Health minister Anne Milton has revealed that the Department of Health is in talks with the Treasury about how to fund university tuition fees for nurses, and plans to make an announcement on the subject in the autumn.
Taking questions after her speech to the Royal College of Nursing annual congress this week, Ms Milton was asked whether the NHS would pay fees for students, and whether universities would be reimbursed for the full sum they plan to charge.
The minister told nurses she “would love” and is trying “desperately” to reach the stage where an announcement could be made on higher education funding for nurses.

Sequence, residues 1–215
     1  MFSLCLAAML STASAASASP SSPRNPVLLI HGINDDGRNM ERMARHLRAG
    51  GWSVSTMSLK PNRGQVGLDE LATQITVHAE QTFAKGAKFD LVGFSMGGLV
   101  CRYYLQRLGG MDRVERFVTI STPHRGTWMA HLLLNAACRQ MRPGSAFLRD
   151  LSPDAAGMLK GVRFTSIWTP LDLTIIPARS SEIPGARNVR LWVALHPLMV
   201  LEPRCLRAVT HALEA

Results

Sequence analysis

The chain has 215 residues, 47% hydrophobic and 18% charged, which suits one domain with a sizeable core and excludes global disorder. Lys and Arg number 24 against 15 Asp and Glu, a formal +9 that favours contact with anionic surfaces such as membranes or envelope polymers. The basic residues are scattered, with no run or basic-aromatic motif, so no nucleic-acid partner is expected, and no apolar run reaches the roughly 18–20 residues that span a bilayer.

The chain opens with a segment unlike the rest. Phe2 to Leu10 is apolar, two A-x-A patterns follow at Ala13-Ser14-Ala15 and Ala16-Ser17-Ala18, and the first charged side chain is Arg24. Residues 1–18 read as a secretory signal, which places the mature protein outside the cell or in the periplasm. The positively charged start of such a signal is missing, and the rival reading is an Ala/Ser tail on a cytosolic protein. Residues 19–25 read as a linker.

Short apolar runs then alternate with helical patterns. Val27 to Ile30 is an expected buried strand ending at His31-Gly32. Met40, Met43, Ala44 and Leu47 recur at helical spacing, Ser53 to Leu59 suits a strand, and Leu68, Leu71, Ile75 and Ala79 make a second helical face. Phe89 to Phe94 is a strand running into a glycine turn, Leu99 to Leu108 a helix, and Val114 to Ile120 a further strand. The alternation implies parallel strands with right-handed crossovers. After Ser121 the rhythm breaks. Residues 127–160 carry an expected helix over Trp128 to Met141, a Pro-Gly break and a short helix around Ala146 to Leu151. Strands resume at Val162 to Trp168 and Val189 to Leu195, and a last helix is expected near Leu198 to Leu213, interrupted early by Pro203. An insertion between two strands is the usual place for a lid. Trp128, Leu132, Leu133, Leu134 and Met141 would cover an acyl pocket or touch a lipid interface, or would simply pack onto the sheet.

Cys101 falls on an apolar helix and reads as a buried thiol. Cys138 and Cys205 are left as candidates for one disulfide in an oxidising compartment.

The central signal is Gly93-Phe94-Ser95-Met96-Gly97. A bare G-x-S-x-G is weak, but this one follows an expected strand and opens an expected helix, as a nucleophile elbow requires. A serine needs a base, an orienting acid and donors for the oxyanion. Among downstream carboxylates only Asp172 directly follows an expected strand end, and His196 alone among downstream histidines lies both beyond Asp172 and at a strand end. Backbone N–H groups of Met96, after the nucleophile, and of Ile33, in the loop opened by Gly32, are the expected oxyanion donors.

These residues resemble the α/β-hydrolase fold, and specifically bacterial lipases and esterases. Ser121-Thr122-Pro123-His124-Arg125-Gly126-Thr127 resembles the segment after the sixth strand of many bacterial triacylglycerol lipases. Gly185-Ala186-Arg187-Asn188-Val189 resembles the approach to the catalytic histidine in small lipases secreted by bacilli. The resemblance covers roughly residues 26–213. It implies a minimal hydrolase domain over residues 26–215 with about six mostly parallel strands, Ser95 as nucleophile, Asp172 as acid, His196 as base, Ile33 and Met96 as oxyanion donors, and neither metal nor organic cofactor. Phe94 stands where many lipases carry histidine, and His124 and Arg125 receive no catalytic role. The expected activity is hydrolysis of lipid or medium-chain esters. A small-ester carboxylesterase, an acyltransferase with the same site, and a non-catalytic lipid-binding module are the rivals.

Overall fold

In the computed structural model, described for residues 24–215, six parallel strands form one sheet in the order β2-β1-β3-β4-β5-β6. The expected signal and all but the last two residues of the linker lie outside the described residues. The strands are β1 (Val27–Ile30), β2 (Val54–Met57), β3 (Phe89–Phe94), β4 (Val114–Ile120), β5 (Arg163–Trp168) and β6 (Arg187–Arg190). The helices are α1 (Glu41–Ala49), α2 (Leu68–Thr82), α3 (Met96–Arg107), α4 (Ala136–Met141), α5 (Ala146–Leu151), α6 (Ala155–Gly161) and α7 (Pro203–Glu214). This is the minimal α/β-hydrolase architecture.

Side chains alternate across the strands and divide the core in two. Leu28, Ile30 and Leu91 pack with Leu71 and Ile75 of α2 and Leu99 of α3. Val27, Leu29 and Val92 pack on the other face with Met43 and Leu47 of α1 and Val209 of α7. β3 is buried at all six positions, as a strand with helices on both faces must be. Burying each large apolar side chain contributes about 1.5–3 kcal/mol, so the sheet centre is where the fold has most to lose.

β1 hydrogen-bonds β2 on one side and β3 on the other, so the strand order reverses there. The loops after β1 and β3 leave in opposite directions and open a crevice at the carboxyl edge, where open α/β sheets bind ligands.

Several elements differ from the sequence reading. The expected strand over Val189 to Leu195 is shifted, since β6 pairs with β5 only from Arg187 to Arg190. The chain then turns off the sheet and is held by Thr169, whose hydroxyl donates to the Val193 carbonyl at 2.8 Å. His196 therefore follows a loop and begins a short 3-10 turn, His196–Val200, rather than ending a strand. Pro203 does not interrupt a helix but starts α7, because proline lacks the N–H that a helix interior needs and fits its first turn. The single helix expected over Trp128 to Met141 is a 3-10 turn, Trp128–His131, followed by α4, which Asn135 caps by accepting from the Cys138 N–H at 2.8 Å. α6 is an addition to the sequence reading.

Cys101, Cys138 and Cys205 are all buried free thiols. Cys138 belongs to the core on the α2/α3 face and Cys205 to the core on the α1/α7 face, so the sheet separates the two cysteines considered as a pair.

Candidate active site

“I’m afraid I can’t yet,” she said. “But we have been looking at it and also discussing it with the Treasury… I wish I could tell you what we’re doing and I can see your frustration, but I can’t tell you.”
She added: “We will come forward I think in September sometime in the autumn with plans for funding.”
Ms Milton acknowledged students’ concerns over how they would pay their tuition fees, saying that £9,000 a year “is a very big chunk of money to find up front”, but added that it remains to be seen whether all universities proposing maximum fees will get approval.
She also told delegates that the average age of entry into nursing is now 27, “which is quite old”. The minister emphasised the need to have “very flexible routes into nursing” as nurses now enter profession from a variety of employment and academic backgrounds.